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  13. Maisonvi

    Maisonvi Silver Member

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    Well shit, I have a lot of reading to do before I hit the track this summer.

    Thanks for all the work clint. Wanna come set up my car for me?

    Sent from my SM-G900V using Tapatalk
     
    Maisonvi, via a mobile device, Mar 26, 2016
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  14. helrich

    helrich Greenie N00B Member

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    This is great!

    On a side note, I would think calculating roll bias couldn't be done without adding some coefficient of friction with respect to weight bias for tire grip. This past weekend was my region's first auto-x and I put much better tires on than what I ran last season, and it completely changed the handling characteristics of the car. I went from having loads of understeer to having a rather unsettled rear end, willing to trade sides with the front at every corner. My RSB is at full stiff and I have 800lb/in springs and I think due to these new tires I will need to soften at least one of those elements to get the car back to neutral.

    I think this behavior can at least partially be attributed to the weight distribution of the car. With so much of the weight over the front wheels, changes in grip have a more pronounced effect than they do to the rear, and so where the shit tires caused the car to push, the better ones brought the front to terms.
     
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  15. ConeKiller

    ConeKiller Motorhead Greenie Member

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    THIS
     
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  16. phate

    phate Motorhead

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    In short, you don't need it. I can go into the math for it and the assumptions made later if you guys are interested (it's a part of the big red section in the first post :) ).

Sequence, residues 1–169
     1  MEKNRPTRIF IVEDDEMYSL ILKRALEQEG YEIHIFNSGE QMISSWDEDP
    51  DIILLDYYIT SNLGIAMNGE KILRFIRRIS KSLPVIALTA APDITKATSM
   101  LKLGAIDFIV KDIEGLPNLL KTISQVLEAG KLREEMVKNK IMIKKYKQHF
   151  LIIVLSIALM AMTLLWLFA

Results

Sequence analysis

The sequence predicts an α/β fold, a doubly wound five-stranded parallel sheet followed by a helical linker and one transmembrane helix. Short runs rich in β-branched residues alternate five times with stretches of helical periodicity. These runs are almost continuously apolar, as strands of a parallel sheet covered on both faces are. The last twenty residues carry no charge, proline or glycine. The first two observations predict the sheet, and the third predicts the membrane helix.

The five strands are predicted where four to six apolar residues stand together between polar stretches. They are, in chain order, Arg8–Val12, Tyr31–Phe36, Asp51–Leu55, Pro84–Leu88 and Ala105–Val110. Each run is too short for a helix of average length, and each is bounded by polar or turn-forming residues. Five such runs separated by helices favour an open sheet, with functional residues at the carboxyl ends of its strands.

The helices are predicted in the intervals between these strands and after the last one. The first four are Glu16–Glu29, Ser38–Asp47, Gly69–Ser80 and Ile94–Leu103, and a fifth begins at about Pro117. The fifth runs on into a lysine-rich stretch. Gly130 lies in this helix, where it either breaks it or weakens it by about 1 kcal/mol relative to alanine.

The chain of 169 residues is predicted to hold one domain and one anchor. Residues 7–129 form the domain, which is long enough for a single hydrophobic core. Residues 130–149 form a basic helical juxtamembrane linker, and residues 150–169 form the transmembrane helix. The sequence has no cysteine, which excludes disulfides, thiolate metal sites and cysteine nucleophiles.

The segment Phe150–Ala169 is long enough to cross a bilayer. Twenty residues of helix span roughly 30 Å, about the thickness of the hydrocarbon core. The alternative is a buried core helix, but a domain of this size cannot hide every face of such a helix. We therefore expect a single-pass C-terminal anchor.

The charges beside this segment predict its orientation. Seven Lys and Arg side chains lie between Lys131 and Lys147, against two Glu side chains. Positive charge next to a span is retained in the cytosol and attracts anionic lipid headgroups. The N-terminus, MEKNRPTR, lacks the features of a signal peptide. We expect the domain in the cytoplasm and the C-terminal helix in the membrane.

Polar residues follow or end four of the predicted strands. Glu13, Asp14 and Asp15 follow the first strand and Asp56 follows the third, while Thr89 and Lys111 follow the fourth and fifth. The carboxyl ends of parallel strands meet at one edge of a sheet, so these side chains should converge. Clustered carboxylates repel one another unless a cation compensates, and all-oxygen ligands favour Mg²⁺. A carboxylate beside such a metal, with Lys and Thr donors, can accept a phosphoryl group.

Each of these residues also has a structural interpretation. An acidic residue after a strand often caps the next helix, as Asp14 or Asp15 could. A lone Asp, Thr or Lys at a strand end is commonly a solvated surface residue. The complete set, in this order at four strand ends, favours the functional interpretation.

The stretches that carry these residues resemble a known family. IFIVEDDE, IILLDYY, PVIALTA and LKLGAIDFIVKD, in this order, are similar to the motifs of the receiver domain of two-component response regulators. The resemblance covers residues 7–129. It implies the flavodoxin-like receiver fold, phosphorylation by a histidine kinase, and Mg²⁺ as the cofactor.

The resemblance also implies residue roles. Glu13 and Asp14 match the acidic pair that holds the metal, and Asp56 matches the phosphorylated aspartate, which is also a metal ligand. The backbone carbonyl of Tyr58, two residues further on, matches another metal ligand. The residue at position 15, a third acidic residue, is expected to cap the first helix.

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  17. John

    John Full Fledged Member Platinum Member

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    I'm interested in all the details, or simply references thereto would be fine.
     
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  18. phate

    phate Motorhead

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    Alright, it'll be next week-ish at the earliest. Trying to finish flares and get the car ready for autocross this Sunday. Mostly just an asphalt shakedown for later events.
     
  19. Gandalf

    Gandalf Greenie Member

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    You lost me at Hello. I don't want to understand your voodoo, just want you to tell me what to buy. Geez.
     
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  20. Redline

    Redline I done fucked up for the last time. BANNED Greenie Member

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    Mazdaspeed coilovers (the MSM re-badged/re-tuned KWv3s), a good RSB, sticky tires with the right width rims, and a decent set of brake pads with some brake fluid that doesn't boil easily. ;)